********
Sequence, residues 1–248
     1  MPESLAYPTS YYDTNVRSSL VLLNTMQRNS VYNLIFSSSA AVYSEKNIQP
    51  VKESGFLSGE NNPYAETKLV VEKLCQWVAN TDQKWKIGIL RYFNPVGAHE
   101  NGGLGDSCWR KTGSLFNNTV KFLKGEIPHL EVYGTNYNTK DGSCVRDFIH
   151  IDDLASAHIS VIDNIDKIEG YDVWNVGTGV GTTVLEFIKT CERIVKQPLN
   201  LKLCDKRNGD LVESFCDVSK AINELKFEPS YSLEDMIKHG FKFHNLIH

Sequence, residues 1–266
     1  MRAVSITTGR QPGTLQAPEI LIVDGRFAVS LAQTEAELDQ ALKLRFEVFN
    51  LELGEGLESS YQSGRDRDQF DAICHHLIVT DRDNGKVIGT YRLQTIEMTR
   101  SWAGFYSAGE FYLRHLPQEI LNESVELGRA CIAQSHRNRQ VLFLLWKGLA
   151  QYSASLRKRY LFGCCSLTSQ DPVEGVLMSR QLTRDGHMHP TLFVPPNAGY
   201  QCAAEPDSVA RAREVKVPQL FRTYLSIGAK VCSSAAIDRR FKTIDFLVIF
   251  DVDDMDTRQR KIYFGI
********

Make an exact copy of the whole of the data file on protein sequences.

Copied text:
Sequence, residues 1–248
     1  MPESLAYPTS YYDTNVRSSL VLLNTMQRNS VYNLIFSSSA AVYSEKNIQP
    51  VKESGFLSGE NNPYAETKLV VEKLCQWVAN TDQKWKIGIL RYFNPVGAHE
   101  NGGLGDSCWR KTGSLFNNTV KFLKGEIPHL EVYGTNYNTK DGSCVRDFIH
   151  IDDLASAHIS VIDNIDKIEG YDVWNVGTGV GTTVLEFIKT CERIVKQPLN
   201  LKLCDKRNGD LVESFCDVSK AINELKFEPS YSLEDMIKHG FKFHNLIH

Sequence, residues 1–266
     1  MRAVSITTGR QPGTLQAPEI LIVDGRFAVS LAQTEAELDQ ALKLRFEVFN
    51  LELGEGLESS YQSGRDRDQF DAICHHLIVT DRDNGKVIGT YRLQTIEMTR
   101  SWAGFYSAGE FYLRHLPQEI LNESVELGRA CIAQSHRNRQ VLFLLWKGLA
   151  QYSASLRKRY LFGCCSLTSQ DPVEGVLMSR QLTRDGHMHP TLFVPPNAGY
   201  QCAAEPDSVA RAREVKVPQL FRTYLSIGAK VCSSAAIDRR FKTIDFLVIF
   251  DVDDMDTRQR KIYFGI